Confirmation students won’t join church, citing LGBTQ rules
OMAHA, Neb. (AP) — Eight middle-school confirmation class members have decided against joining an Omaha Methodist church in protest at the denomination’s renewed ban on same-sex marriage and gay clergy.
The eight were scheduled to become part of the congregation Sunday at First United Methodist Church. But the class, comprising seventh- and eighth-graders, declined and issued a written statement instead.
“We are disappointed about the direction the United Methodist denomination is heading,” it said. “We are concerned that if we join at this time, we will be sending a message that we approve of this decision. We want to be clear that ... we believe that policies on LGBTQ clergy and same-sex marriage are immoral.”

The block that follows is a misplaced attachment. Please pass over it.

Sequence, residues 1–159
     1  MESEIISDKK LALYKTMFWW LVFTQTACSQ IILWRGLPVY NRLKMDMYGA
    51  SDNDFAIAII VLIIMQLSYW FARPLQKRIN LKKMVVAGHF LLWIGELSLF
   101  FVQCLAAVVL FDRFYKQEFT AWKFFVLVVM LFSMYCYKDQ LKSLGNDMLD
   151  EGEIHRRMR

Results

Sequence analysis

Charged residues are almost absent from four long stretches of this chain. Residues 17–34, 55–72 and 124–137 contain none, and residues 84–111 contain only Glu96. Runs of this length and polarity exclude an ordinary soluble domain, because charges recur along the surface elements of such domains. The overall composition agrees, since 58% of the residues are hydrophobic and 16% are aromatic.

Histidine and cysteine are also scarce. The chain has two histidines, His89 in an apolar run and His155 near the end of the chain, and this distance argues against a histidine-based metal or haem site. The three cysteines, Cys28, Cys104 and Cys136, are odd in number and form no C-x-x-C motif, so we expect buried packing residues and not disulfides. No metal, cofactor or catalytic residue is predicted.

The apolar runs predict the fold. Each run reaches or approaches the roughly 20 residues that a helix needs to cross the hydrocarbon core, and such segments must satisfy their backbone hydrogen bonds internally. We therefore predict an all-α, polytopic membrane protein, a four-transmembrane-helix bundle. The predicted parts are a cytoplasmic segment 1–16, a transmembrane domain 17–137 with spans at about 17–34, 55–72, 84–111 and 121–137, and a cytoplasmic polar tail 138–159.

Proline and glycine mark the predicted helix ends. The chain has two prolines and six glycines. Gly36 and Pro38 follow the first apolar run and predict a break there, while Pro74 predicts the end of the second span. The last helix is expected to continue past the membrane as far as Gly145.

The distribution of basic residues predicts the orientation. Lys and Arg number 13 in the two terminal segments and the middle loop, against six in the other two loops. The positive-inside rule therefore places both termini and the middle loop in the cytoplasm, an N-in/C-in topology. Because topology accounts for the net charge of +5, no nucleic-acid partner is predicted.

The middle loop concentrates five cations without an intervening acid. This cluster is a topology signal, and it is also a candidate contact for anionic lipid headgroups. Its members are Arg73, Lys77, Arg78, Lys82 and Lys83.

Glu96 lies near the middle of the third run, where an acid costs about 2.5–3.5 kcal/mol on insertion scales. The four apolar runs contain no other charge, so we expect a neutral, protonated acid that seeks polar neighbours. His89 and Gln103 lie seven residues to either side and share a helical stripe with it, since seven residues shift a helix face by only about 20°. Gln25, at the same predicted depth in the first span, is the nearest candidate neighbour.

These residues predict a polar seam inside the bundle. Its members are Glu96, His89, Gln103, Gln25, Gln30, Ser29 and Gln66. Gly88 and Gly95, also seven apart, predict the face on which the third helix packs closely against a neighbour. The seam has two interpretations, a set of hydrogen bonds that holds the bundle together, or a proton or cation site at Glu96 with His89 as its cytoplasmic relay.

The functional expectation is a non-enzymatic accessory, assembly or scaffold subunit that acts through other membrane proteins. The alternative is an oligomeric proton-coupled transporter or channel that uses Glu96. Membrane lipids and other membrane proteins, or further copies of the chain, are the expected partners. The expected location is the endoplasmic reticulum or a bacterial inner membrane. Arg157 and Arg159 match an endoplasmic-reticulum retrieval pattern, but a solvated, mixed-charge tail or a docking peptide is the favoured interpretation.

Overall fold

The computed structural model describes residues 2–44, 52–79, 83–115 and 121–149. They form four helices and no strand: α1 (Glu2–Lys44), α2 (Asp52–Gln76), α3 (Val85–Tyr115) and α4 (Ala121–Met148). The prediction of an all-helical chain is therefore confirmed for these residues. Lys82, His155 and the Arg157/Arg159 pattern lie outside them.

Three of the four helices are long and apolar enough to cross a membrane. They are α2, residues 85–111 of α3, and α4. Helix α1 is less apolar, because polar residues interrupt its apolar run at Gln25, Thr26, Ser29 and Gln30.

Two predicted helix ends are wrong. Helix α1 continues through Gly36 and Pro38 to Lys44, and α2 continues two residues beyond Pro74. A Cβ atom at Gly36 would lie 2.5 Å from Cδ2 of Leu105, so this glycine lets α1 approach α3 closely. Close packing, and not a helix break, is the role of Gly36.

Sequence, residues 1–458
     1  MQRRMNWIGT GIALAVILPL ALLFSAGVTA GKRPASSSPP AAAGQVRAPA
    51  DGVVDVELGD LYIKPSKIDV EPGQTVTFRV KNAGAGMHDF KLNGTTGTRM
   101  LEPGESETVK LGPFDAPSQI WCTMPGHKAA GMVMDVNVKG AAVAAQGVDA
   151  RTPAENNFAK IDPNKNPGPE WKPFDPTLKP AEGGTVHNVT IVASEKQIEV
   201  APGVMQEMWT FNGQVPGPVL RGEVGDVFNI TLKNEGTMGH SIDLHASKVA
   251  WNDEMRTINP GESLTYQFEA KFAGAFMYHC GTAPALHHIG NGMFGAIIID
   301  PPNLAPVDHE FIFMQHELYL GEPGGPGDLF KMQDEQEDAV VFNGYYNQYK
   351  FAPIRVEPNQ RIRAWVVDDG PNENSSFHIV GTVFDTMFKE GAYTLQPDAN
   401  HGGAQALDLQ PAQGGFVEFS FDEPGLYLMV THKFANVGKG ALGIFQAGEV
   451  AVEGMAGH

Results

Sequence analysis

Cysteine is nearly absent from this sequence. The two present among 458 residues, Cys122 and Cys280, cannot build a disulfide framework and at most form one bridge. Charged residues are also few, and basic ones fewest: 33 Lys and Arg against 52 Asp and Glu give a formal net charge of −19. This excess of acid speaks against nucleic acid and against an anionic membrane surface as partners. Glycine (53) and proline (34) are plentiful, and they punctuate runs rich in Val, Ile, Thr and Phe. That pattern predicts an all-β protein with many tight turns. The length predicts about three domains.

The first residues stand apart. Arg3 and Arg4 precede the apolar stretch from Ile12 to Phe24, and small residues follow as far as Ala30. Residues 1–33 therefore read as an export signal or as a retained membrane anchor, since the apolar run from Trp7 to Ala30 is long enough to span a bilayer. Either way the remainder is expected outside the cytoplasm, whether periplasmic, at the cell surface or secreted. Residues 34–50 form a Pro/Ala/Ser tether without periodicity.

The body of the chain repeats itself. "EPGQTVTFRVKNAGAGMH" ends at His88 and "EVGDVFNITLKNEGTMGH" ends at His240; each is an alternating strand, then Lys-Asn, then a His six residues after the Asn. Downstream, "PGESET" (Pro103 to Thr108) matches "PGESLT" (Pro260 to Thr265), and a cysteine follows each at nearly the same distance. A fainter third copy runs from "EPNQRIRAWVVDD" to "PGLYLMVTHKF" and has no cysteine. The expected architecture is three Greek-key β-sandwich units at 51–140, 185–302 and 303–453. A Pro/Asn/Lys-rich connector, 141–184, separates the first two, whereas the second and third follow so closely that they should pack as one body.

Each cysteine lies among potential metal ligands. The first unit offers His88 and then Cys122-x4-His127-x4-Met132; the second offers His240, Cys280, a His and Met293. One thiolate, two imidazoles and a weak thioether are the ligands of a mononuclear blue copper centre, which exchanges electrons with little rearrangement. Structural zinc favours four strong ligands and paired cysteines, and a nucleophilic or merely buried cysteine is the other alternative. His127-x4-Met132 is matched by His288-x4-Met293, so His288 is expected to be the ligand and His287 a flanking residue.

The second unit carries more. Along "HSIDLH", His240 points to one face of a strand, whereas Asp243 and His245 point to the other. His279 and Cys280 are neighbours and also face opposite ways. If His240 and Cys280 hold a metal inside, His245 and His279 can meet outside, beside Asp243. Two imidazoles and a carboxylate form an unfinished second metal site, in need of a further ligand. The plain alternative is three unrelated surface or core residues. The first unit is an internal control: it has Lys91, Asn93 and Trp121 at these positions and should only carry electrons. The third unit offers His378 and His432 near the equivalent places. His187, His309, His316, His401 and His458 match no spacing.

The congregation’s response was positive when the kids read their statement Sunday.
“There were a lot of tears and a standing ovation,” Little said. “I am really proud of them.”
On Friday, the denomination’s judicial council upheld key portions of a plan adopted in February by the church’s legislative assembly and designed to strengthen the bans on same-sex marriage and ordination of LGBTQ pastors.
Opponents of the plan will have a chance to overturn it at the denomination’s general conference in May 2020.
The Omaha congregation voted April 2 to allow both its clergy and others to perform same-sex weddings on church property, defying the denominational ban.
The confirmation class statement was the students’ work — no help from teachers or others — said the Rev. Kent Little, the church’s senior pastor. He told the Omaha World-Herald that he knew about a month ago that something was in the works, because the kids invited him to class to answer questions. Some of them were thinking about postponing confirmation, Little said, but added that he didn’t know it would be a unanimous gesture.